Friday, September 8, 2017

Weather Underground and Hurricane Irma

Snippet of Weather Underground Graph

As you have surmised by now, one thing I stress as an educator is cross-curricular learning and relevancy.  Current events have always been one of my favorite ways to do both.  This article, from Weather Underground, provides not just good analysis of the hurricane, but also provides some insightful information on the Okeechobee Hurricane of 1928 and the devastation that caused.  There are some interesting mini-lessons that students could do to tie in both science and engineering into a history lesson.  There's also some interesting potential to discuss the difficult decisions that have to be made when severe weather threatens an area.  The article briefly mentions the water pollution that will inevitably occur as a result of the Army Corps of Engineers decision to drain some of the lake water to prevent flooding.  There's some great material for a debate.

Friday, April 7, 2017


One of the things I always stressed in facilitating history instruction involved teaching students to think about how history helps us understand why things are the way they are today, and how it can continue to shape the future.  I always enjoyed helping kids make those connections between a series of past events leading into present day.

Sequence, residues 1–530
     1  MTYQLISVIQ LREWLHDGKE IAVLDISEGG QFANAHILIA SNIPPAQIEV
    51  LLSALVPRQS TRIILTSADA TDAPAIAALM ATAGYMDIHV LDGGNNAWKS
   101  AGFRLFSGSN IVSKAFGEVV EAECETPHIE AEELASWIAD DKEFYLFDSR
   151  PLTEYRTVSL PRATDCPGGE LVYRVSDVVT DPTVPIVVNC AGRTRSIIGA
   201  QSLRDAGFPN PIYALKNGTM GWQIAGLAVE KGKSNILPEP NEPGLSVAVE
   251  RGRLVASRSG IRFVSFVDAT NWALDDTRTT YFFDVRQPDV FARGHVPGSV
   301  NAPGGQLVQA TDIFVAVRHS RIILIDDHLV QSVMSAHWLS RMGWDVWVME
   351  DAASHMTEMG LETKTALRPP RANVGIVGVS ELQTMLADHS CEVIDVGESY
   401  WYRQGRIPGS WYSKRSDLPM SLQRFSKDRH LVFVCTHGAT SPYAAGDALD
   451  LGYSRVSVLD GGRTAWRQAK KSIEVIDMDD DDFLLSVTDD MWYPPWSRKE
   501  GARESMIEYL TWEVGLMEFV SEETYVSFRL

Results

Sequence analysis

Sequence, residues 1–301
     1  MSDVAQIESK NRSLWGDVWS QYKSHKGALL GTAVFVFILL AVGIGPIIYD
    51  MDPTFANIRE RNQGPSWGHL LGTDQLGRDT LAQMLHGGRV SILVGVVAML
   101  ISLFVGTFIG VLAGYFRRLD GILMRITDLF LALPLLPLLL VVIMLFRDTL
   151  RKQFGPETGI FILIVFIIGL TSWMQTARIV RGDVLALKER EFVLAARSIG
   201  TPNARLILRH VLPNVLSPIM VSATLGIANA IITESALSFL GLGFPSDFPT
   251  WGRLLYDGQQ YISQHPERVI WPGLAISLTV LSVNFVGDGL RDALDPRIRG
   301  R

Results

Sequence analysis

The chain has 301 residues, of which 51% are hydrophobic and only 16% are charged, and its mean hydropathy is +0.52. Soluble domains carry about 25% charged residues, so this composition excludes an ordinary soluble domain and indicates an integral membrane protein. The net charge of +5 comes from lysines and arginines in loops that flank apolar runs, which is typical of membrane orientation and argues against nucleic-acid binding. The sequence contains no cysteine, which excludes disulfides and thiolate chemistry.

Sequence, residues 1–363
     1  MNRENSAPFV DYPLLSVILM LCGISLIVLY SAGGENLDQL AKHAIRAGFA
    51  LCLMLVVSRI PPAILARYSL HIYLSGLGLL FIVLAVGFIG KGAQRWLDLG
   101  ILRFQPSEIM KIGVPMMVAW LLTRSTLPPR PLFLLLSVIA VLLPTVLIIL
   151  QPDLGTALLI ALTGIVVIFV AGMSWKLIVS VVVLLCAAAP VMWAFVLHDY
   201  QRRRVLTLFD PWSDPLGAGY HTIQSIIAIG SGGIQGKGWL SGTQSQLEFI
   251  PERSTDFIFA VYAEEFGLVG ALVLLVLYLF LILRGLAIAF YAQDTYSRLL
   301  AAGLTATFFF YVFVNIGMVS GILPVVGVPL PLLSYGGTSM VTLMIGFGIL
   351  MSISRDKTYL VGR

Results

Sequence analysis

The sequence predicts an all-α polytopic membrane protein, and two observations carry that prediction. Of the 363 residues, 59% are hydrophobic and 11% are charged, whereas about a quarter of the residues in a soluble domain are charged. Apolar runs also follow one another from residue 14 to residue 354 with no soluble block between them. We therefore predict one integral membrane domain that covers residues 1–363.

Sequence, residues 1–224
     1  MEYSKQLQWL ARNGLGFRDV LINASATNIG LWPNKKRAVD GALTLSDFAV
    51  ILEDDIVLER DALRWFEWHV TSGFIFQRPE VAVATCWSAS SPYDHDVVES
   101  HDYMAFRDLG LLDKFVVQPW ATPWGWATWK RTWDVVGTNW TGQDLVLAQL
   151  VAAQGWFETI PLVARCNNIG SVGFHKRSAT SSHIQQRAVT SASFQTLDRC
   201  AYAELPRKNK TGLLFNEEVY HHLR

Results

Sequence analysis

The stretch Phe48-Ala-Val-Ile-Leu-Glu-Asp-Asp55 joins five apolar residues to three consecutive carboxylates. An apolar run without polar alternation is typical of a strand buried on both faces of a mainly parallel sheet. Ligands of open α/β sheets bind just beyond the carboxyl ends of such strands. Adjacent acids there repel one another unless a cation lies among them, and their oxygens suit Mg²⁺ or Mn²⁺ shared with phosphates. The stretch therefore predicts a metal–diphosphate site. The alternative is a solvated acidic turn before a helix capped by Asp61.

Since moving into evaluation, I've been finding that evaluators call this process 'logic modeling' - basically the process of mapping out the different possibilities that might happen given the introduction of a certain program, service, etc.

Enter Loopy.  I first saw this from a tweet from Edublogs, via Larry Ferlazzo.  As an open-source platform (you can access the code in GitHub), it's free to use and allows students to generate their own 'logic models': mapping out how one event might lead to another.  This sample, for example, looks at automation and what some of the outcomes might be.  It's a basic model, but would be something students could use to generate ideas on any number of historical scenarios.

Looks like it's part of a larger collaborative called Explorable Explanations - something I'll be exploring over the weeks to come.